IF REPORTING ON THIS STORY, PLEASE MENTION THE JOURNAL OF EXPERIMENTAL BIOLOGY AS THE SOURCE AND, IF REPORTING ONLINE, PLEASE CARRY A LINK TO: http://jeb.biologists.org
REFERENCE: Millot, S., Vandewalle, P. and Parmentier, E. (2011). Sound production in red-bellied piranhas (Pygocentrus nattereri, Kner): an acoustical, behavioural and morphofunctional study. J. Exp. Biol. 214, 3613-3618.
This article is posted on this site to give advance access to other authorised media who may wish to report on this story. Full attribution is required, and if reporting online a link to jeb.biologists.com is also required. The story posted here is COPYRIGHTED. Therefore advance permission is required before any and every reproduction of each article in full. PLEASE CONTACT firstname.lastname@example.org
Ion treatments for cardiac arrhythmia — Non-invasive alternative to catheter-based surgery
20.01.2017 | GSI Helmholtzzentrum für Schwerionenforschung GmbH
Seeking structure with metagenome sequences
20.01.2017 | DOE/Joint Genome Institute
An important step towards a completely new experimental access to quantum physics has been made at University of Konstanz. The team of scientists headed by...
Yersiniae cause severe intestinal infections. Studies using Yersinia pseudotuberculosis as a model organism aim to elucidate the infection mechanisms of these...
Researchers from the University of Hamburg in Germany, in collaboration with colleagues from the University of Aarhus in Denmark, have synthesized a new superconducting material by growing a few layers of an antiferromagnetic transition-metal chalcogenide on a bismuth-based topological insulator, both being non-superconducting materials.
While superconductivity and magnetism are generally believed to be mutually exclusive, surprisingly, in this new material, superconducting correlations...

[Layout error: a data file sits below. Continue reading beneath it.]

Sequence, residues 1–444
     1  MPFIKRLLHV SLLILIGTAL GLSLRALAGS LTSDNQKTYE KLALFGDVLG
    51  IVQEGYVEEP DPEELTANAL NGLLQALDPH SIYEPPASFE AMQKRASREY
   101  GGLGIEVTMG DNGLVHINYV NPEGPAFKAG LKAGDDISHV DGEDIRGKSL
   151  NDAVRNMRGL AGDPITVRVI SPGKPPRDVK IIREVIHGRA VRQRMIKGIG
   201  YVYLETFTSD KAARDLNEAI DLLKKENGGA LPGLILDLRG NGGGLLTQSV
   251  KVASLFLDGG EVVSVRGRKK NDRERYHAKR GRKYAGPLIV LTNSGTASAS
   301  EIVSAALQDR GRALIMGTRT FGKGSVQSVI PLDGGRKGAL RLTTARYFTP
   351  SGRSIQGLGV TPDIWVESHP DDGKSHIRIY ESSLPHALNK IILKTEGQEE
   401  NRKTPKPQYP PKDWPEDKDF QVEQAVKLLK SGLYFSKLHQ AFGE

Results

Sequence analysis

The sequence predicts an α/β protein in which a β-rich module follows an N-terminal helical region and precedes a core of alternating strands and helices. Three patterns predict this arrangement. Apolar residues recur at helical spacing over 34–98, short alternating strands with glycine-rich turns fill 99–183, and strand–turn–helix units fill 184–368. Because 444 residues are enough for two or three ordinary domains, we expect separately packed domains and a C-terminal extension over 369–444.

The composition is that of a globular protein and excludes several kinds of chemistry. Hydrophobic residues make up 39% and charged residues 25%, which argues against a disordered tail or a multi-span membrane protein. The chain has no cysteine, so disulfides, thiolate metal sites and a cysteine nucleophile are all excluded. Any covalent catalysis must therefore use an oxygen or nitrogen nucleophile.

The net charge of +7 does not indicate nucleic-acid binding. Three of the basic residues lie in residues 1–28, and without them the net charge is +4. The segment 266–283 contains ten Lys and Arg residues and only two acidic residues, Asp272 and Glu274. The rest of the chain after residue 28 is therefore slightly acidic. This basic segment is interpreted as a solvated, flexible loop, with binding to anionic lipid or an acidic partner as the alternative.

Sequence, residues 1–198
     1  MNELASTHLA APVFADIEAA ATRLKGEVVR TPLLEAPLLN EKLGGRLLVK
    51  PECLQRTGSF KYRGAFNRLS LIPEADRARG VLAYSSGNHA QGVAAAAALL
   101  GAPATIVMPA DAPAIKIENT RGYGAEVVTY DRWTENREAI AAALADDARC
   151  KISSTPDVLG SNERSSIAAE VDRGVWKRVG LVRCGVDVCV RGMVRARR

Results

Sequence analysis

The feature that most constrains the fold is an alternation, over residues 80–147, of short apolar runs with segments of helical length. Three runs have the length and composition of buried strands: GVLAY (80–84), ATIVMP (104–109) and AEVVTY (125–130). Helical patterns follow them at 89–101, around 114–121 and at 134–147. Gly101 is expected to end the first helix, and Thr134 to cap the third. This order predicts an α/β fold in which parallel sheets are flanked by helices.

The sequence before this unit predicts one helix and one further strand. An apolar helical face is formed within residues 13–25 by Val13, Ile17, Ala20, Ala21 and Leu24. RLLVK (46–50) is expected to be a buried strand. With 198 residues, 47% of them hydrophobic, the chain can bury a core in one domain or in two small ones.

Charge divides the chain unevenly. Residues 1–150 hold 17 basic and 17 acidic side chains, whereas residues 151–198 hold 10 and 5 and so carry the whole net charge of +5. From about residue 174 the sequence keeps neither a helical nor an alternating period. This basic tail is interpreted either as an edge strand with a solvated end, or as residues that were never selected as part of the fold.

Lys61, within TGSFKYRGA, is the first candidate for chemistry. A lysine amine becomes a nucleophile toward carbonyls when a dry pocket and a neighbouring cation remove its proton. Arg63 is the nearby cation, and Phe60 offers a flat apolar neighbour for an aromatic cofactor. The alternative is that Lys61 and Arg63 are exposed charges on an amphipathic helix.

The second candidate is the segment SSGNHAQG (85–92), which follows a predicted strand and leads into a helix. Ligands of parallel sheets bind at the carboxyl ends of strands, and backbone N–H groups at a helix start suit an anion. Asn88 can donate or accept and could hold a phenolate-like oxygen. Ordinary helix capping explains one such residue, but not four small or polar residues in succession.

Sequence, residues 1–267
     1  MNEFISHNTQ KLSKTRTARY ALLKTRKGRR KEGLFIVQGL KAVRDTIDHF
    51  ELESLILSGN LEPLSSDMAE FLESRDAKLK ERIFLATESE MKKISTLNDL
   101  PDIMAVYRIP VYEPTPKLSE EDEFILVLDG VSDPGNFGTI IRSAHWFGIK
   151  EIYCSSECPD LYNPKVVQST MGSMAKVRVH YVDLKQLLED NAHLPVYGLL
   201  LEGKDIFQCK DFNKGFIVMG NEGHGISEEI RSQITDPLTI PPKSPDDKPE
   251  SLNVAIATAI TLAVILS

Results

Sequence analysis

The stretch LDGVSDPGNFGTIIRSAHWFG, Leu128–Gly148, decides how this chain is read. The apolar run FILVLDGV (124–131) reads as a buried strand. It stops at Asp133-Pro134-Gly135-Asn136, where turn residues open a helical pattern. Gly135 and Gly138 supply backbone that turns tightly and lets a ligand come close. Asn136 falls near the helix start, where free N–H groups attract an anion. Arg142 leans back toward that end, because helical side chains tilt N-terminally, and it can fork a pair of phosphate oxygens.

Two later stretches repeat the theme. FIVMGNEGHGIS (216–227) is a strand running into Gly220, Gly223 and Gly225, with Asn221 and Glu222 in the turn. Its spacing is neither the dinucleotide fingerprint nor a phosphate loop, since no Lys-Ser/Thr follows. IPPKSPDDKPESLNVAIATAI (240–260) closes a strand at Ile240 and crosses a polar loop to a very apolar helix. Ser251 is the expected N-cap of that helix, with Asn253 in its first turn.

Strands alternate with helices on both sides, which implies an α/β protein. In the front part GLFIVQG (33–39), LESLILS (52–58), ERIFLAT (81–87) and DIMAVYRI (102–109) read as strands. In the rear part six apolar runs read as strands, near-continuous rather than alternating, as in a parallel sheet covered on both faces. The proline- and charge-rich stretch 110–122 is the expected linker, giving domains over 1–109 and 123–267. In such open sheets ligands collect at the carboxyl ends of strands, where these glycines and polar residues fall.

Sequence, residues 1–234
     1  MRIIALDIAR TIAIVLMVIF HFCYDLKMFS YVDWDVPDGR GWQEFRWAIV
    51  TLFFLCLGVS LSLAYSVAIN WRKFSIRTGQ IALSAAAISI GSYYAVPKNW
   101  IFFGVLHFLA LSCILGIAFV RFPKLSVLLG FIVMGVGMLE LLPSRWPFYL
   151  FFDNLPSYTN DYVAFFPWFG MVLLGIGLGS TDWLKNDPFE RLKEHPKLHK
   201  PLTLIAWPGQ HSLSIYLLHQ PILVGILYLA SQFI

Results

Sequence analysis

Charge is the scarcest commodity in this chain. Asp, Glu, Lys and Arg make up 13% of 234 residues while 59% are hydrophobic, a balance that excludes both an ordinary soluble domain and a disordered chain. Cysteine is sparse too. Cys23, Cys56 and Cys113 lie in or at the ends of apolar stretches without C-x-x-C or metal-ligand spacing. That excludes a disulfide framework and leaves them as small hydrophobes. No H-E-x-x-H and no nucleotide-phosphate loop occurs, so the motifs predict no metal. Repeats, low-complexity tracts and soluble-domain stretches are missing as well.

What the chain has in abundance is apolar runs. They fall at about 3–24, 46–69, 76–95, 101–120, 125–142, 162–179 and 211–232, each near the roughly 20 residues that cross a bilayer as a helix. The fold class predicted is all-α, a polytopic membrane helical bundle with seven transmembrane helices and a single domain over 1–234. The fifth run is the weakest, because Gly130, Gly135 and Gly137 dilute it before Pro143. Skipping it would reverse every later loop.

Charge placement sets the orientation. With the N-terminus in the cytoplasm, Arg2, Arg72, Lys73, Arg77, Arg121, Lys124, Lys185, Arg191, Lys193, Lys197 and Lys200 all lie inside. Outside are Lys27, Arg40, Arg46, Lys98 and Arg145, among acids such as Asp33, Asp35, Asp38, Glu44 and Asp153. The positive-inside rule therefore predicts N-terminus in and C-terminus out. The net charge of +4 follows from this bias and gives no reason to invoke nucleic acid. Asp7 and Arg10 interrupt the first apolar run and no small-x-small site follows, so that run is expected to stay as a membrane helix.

Laser-driving of semimetals allows creating novel quasiparticle states within condensed matter systems and switching between different states on ultrafast time scales
Studying properties of fundamental particles in condensed matter systems is a promising approach to quantum field theory. Quasiparticles offer the opportunity...
Among the general public, solar thermal energy is currently associated with dark blue, rectangular collectors on building roofs. Technologies are needed for aesthetically high quality architecture which offer the architect more room for manoeuvre when it comes to low- and plus-energy buildings. With the “ArKol” project, researchers at Fraunhofer ISE together with partners are currently developing two façade collectors for solar thermal energy generation, which permit a high degree of design flexibility: a strip collector for opaque façade sections and a solar thermal blind for transparent sections. The current state of the two developments will be presented at the BAU 2017 trade fair.
As part of the “ArKol – development of architecturally highly integrated façade collectors with heat pipes” project, Fraunhofer ISE together with its partners...
19.01.2017 | Event News
10.01.2017 | Event News
09.01.2017 | Event News
20.01.2017 | Awards Funding
20.01.2017 | Materials Sciences
20.01.2017 | Life Sciences